New institutions and instruments introduced by the Lisbon Treaty and the view from Austria

Austrian Institute for International Affairs

Hakan Akbulut

When Herman Van Rompuy and Catherine Ashton were respectively nominated as the President of the European Council and the High Representative of the Union for Foreign Affairs and Security Policy, Chancellor Werner Faymann seemed to be content with the staffing while the press generally described the nominations as the least common denominator. Herman Van Rompuy’s role in Belgian politics as a conciliator was the only positive aspect to be mentioned. Overall, Van Rompuy’s nomination was understood to constitute a safeguard installed by the member states against Brussels playing a greater role or usurping the competences of the nation states. Reflecting this point of view, Die Presse columnist Oliver Grimm, for instance, maintained that Van Rompuy had “secretly, calmly and quietly”[1] taken decisions in his first 100 days in office which would result in the Commission being down-graded into a form of a secretariat-general while real power is transferred to the heads of state and government. As for his performance in the face of the economic crisis, Van Rompuy was criticised by leading figures. During a debate on TV, the President of the Austrian Federal Economic Chamber, Christoph Leitl, claimed that one did not hear anything from Van Rompuy despite the crisis.[2] In a similar fashion, former Foreign Minister Ursula Plassnik also maintained Van Rompuy should have played a more prominent and visible role. With regard to the role to be played by the rotating council presidency, there are apparently no major changes expected, as Van Rompuy’s role is conceived to be limited to acting as a chairperson and conciliator during summit meetings at best. Against this background, it is worth mentioning that Foreign Minister Spindelegger sharply criticised the decision to exclude the foreign ministers from summit meetings.[3]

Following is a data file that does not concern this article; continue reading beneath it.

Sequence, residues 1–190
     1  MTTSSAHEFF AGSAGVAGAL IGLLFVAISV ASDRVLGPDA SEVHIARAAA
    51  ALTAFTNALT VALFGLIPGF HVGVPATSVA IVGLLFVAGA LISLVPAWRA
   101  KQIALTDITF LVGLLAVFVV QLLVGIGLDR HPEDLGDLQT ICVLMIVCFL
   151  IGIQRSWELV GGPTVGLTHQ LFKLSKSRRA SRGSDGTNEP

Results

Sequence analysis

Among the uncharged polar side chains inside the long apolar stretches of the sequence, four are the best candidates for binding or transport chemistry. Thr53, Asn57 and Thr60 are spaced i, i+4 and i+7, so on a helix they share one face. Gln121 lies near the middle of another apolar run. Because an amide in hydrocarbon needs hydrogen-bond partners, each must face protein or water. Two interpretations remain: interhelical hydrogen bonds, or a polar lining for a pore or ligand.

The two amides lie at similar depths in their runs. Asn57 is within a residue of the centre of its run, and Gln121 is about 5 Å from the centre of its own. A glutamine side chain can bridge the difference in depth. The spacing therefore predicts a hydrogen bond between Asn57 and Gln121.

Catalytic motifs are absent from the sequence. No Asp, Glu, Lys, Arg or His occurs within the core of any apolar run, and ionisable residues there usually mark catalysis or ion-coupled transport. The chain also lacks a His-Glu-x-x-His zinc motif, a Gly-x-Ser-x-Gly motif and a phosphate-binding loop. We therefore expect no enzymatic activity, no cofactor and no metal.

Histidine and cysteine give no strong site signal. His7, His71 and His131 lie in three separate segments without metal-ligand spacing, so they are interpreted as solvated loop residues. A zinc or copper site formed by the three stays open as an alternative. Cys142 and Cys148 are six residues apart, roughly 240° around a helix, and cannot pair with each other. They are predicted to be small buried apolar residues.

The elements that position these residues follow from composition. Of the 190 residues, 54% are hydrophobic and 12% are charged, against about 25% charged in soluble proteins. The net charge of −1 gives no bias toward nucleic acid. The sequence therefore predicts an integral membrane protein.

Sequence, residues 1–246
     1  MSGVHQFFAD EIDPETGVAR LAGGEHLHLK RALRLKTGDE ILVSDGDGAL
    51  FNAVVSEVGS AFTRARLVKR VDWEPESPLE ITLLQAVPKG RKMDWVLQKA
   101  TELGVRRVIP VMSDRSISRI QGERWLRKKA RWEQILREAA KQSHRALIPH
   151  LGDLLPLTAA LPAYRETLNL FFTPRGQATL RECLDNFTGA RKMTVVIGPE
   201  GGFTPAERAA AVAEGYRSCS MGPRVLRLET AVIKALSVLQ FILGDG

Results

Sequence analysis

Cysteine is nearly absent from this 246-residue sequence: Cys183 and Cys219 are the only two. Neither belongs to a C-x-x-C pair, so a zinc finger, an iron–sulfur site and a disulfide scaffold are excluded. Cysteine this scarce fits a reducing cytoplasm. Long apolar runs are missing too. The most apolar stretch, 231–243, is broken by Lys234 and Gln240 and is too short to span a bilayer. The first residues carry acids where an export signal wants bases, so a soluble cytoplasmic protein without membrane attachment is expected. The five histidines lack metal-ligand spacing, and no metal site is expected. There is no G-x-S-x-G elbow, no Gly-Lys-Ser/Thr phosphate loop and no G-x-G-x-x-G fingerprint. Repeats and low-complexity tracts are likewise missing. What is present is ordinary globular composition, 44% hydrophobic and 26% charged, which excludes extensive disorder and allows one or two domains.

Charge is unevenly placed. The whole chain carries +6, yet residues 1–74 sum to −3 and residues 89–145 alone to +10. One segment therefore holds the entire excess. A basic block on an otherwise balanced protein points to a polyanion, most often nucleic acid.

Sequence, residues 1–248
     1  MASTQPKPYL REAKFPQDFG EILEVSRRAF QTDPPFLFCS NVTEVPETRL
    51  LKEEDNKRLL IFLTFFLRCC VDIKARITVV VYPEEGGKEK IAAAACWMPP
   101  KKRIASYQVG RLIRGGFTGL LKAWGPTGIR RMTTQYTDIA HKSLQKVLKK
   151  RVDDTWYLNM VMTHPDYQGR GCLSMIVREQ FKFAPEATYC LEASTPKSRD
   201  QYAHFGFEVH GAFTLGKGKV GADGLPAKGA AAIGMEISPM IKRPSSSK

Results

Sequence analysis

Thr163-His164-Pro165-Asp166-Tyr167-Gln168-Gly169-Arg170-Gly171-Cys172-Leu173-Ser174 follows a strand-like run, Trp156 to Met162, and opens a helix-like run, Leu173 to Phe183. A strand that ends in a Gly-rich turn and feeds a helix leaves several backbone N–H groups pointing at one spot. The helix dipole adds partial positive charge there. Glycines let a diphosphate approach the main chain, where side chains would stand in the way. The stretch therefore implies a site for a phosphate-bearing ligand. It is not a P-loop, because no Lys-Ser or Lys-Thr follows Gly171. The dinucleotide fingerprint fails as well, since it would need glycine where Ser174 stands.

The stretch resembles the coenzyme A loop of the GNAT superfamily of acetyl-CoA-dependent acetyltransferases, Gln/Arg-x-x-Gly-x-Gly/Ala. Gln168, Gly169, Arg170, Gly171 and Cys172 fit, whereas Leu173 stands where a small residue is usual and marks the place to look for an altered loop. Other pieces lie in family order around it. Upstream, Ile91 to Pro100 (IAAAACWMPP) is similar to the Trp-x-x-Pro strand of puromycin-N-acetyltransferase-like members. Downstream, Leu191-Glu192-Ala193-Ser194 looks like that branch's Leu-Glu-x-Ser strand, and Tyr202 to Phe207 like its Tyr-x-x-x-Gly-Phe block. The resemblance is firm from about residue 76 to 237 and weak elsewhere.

As for Catherine Ashton, except for Chancellor Faymann’s positive remarks, she was widely described as an inexperienced no-name.[4] Ashton was criticised by Foreign Minister Spindelegger after the Cordoba meeting of the foreign ministers in March 2010. The Minister argued there was no visible foreign policy line and that no respective coordination on a common policy existed.[5] Spindelegger confirmed that there was dissatisfaction with the performance of Ashton so far and that the foreign ministers were frustrated about not being included in the process of setting up the European External Action Service (EEAS). He did not seem to be content with Ashton being the Vice-President of the Commission either, raising the question as to how this would affect her workload and stating that members of the Commission might be tempted to prevent competences from being transferred to the EEAS. Media reports also indicated that Ashton’s unpopularity was partly due to the impression that she was being excessively influenced by Barroso instead of pursuing independent policies.[6] Ashton’s performance was also severely criticised by the Member of the European Parliament (MEP) Andreas Mölzer from the Austrian Freedom Party (FPÖ).[7] Due to Ashton, the EU had said farewell to world politics, Mölzer claimed. He simply described Ashton as the wrong choice.